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date: 18 November 2019

Abstract and Keywords

This chapter explores the interpretation of compounds in terms of the framework of lexical semantic analysis developed in Lieber (2004). That work offered an analysis of typical English root compounds such as dog bed, synthetic compounds such as truck driver, and coordinative compounds such as producer-director, all of which are arguably endocentric. The chapter is organized as follows. Section 5.1 gives a brief overview of the system of lexical semantic representation developed in Lieber (2004). Section 5.2 extends the treatment of the semantic body of lexical items beyond that given in Lieber (2004), considering the relationship between the skeleton and the body on a cross-linguistic basis. It shows that the nature of the semantic body is critical to the range of interpretation available to any given compound. Section 5.3 adopts the system of classification for compounds developed in Bisetto and Scalise (2005, and this volume), and shows how it can be applied in terms of the current system. Section 5.4 offers specific analyses of several different types of compounds, from which will emerge the conclusion in Section 5.5 that exocentricity cannot be treated as a single unified phenomenon. Section 5.6 focuses on a kind of compounding that is nearly unattested in English, but is quite productive in Chinese, Japanese, and a number of other languages, namely verb–verb compounds.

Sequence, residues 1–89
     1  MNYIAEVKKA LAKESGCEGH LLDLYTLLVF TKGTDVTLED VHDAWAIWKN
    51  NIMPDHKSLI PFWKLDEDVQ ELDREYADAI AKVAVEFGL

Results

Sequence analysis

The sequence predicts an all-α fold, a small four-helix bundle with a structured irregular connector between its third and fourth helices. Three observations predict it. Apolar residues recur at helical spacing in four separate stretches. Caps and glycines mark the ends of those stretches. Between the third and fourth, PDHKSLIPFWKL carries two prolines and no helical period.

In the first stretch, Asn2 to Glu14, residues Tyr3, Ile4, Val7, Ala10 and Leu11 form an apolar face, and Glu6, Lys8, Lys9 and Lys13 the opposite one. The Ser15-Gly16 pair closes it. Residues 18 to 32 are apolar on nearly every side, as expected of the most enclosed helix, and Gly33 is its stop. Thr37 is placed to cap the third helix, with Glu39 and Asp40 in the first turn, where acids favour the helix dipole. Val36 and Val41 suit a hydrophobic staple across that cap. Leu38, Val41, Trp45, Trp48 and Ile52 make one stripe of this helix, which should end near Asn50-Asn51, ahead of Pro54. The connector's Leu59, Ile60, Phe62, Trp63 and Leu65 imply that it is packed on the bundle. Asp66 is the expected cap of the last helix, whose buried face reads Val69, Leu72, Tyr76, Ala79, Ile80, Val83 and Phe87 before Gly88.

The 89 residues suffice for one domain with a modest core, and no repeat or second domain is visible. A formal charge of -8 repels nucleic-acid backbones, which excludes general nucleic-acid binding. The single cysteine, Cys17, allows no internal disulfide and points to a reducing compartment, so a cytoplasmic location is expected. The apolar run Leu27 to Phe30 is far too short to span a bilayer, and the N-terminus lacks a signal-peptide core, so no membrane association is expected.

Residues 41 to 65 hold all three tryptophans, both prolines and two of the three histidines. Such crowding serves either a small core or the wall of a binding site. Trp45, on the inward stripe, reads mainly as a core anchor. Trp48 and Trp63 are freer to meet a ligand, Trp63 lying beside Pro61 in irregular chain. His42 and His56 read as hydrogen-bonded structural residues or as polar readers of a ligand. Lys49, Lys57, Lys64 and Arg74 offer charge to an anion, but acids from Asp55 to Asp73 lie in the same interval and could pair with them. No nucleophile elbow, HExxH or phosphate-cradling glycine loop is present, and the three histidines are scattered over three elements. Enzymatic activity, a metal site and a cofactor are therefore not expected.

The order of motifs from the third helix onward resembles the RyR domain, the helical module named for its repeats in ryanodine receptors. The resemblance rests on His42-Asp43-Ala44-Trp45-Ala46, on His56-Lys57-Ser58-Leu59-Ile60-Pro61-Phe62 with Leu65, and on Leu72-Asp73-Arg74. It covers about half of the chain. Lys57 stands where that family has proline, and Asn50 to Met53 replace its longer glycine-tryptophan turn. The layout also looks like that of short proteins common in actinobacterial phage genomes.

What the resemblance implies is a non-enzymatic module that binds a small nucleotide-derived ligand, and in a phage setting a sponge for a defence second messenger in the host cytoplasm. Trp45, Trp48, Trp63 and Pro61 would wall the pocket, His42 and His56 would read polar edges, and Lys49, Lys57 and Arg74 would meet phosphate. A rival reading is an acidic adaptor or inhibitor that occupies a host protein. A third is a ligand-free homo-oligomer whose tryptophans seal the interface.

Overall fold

Keywords: lexical semantic analysis, English root compounds, synthetic compounds, coordinative compounds, exocentricity, verb–verb compounds

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